HIV stands for human immunodeficiency virus. HIV is a blood-borne virus that can be transmitted through unprotected anal or vaginal sex and sharing HIV contaminated syringes. HIV weakens the immune system by destroying important cells that fight disease and infection. There are varying symptoms of HIV depending upon the stage of disease. Most people with acute infection experience a short flu-like illness. After initial symptoms disappear, there is often a long, silent period of HIV infection before the disease progresses to AIDS. There is no cure to HIV, but early diagnosis allows for treatment with medication that can help to suppress levels of virus.
Hepatitis C Virus
Hepatitis C is a liver infection caused by the Hepatitis C Virus (HCV). HCV is more commonly transmitted through needles or blood exposure and only rarely spread through sexual intercourse. The infection is usually asymptomatic. When symptoms do occur, they can include fatigue, nausea, muscle aches or jaundice (yellowing of the skin and eyes). For some people, Hepatitis C is a short-term illness but for 70%-85% of people who become infected, Hepatitis C becomes a long-term, chronic infection. Chronic Hepatitis C is a serious disease that can result in long-term health problems, even death.
Herpes Simplex Virus Type 2
Herpes Simplex Virus Type 2 (HSV-2) is a virus that is responsible for genital herpes. Symptoms of HSV-2 typically appear as blistering sores, on or around the genitals, rectum or mouth that break and leave painful ulcers. Infection with HSV-2 is lifelong and the sores may recur periodically during times of emotional stress or illness. Although there is no cure for genital herpes, severe episodes can be lessened and prevented with treatment.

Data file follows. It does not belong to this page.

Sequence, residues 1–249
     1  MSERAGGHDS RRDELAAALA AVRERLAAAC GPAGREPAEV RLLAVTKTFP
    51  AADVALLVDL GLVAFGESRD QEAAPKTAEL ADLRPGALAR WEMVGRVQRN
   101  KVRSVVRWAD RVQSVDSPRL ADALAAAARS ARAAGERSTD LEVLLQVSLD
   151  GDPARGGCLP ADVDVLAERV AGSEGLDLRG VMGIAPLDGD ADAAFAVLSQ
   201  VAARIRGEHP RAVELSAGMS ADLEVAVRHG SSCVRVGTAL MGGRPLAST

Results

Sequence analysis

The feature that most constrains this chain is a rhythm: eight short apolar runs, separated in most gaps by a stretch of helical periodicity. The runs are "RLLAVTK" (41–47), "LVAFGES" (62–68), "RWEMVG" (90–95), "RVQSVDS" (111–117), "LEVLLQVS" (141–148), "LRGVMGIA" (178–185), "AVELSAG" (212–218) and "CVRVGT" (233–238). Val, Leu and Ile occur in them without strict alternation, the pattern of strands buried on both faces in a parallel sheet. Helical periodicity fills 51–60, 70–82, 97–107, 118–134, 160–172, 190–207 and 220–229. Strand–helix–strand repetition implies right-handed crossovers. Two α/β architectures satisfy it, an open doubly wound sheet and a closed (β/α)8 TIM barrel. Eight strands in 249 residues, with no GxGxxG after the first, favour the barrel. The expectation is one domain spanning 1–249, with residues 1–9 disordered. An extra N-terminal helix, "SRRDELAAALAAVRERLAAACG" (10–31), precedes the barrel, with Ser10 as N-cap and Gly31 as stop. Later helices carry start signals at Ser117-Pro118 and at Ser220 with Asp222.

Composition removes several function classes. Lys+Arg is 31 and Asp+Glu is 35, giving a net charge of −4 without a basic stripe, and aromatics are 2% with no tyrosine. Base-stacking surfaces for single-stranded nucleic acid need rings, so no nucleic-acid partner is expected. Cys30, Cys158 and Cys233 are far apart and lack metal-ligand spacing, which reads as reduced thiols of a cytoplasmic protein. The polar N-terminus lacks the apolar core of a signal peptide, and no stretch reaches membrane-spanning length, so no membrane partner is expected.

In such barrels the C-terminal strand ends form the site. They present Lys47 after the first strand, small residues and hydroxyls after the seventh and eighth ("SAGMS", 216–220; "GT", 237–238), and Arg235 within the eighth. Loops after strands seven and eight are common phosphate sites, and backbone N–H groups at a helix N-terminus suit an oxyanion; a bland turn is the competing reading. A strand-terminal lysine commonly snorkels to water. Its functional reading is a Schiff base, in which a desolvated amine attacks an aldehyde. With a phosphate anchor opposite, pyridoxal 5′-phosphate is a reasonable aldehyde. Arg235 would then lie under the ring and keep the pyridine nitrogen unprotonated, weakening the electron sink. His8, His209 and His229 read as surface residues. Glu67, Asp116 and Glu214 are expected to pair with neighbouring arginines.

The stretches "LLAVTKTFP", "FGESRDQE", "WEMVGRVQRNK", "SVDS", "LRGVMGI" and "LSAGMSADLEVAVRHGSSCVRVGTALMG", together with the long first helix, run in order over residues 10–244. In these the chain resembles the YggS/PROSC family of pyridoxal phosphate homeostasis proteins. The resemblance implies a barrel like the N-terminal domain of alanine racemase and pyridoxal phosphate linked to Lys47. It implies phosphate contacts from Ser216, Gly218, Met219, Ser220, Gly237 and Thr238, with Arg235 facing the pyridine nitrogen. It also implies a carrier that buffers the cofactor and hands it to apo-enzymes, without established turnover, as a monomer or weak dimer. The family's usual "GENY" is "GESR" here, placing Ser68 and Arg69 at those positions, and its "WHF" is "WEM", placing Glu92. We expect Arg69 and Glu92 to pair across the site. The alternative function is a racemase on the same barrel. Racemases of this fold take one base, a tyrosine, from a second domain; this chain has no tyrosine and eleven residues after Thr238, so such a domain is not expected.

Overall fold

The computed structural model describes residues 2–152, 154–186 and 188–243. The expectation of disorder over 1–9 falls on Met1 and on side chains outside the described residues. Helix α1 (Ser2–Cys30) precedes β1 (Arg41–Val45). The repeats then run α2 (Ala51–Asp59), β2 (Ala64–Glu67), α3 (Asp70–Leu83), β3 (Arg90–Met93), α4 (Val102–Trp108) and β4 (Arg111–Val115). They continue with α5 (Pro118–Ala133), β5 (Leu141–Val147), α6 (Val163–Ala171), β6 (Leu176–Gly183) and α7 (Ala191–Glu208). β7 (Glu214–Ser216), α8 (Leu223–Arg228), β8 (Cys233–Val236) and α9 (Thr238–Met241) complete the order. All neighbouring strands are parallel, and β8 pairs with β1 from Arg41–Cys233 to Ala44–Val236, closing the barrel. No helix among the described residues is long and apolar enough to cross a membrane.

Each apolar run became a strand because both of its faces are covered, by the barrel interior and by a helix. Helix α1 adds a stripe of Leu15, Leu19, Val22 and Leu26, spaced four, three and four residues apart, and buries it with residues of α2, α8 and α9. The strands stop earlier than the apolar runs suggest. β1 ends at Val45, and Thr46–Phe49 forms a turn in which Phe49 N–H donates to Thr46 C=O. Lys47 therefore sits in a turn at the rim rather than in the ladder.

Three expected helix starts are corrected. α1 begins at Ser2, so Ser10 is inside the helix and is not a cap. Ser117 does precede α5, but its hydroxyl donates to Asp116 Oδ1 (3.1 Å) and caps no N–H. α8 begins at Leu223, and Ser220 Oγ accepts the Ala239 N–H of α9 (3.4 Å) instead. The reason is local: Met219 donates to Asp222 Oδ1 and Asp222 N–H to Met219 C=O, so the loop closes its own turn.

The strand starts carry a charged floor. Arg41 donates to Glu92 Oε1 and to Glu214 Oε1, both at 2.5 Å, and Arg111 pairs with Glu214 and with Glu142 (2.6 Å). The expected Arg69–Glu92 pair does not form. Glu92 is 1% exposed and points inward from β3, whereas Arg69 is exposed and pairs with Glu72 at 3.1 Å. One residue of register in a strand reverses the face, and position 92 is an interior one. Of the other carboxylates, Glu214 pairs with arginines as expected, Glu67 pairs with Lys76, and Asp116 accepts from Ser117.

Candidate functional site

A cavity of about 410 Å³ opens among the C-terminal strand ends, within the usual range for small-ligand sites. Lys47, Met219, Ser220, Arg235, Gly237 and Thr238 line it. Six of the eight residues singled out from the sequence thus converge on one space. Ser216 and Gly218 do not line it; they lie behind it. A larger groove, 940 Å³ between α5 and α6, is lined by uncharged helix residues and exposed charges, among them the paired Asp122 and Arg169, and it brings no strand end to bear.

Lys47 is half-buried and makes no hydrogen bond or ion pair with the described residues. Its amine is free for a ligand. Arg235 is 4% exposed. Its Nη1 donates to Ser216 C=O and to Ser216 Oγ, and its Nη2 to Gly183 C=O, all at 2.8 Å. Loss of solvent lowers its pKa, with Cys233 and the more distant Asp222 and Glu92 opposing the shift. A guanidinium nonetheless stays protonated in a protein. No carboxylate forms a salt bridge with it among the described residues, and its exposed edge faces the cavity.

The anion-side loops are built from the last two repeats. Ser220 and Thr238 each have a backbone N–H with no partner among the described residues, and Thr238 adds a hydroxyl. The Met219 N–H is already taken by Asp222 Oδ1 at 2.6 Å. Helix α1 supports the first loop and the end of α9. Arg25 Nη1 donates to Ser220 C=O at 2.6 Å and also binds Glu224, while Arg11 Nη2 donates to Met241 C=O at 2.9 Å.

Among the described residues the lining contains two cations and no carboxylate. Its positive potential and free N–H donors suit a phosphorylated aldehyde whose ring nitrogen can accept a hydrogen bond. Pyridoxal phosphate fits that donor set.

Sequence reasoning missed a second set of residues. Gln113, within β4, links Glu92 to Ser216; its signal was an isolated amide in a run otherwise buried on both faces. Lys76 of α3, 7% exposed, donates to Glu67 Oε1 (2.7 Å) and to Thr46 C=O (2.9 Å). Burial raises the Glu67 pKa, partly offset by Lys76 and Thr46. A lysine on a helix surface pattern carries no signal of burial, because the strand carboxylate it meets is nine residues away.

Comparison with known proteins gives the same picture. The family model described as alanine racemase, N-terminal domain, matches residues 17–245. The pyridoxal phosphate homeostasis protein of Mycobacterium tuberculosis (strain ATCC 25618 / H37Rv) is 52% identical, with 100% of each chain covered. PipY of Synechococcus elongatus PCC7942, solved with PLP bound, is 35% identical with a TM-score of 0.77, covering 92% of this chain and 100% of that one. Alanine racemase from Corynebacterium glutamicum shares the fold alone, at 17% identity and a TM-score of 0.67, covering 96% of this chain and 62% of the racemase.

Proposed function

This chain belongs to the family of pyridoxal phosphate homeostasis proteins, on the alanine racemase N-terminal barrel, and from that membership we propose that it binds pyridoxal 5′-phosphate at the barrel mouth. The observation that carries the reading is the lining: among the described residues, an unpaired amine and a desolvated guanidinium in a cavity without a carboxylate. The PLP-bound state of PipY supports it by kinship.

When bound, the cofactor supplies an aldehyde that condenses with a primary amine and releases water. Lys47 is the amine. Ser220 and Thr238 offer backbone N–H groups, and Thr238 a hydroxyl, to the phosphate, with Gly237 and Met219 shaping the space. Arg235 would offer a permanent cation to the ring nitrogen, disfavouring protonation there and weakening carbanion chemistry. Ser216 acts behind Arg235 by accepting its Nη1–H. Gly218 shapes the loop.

Syphilis is a highly contagious bacterial infection by the bacterium Treponema pallidum. Syphilis is transmitted through sexual contact. The symptoms are related to the stage of the infection. Typically, the first sign of infection is a small, painless sore (called chancre) on the penis, vagina, or around the anus. Treponema pallidum eventually enters the bloodstream and causes rashes anywhere on the body and flu-like symptoms. If not treated, syphilis may progress to the symptom-less latent phase and may damage heart, brain and nervous system. Therefore, early treatment is important, as damage caused by late-stage syphilis infection is often irreversible.
Chlamydia is a bacterial infection caused by the bacterium Chlamydia trachomatis. Chlamydia can be transmitted through sexual contact and generally shows no symptoms. Chlamydia is the most common sexually transmitted disease in the United States, with about 4 million new cases diagnosed every year. It can cause serious, permanent damage to a woman’s reproductive system. This can make it difficult or impossible for a woman to get pregnant later on. Chlamydia can also cause a potentially fatal ectopic pregnancy (pregnancy that occurs outside the womb).
Gonorrhea is a bacterial infection caused by the bacterium Neisseria gonorrhoeae. It is transmitted through sexual contact and is most commonly asymptomatic in women. Gonorrhea can cause infections in the genitals, rectum, and throat. If not treated, gonorrhea is associated with complications that may result in infertility. There is a high prevalence of co-infection with chlamydia and an increased susceptibility to HIV.
Trichomoniasis is caused by infection with the protozoan parasite Trichomonas vaginalis. Trichomoniasis is transmitted through sexual contact. Women who are infected are more likely to develop symptoms than men. Symptoms usually include a foul-smelling discharge, genital itching and pain during urination or sexual intercourse. Complications are rare, although trichomoniasis in pregnancy can be linked to pre-labor rupture of membranes, preterm delivery and low birth weight. Untreated trichomoniasis can increase the risk of HIV infection.
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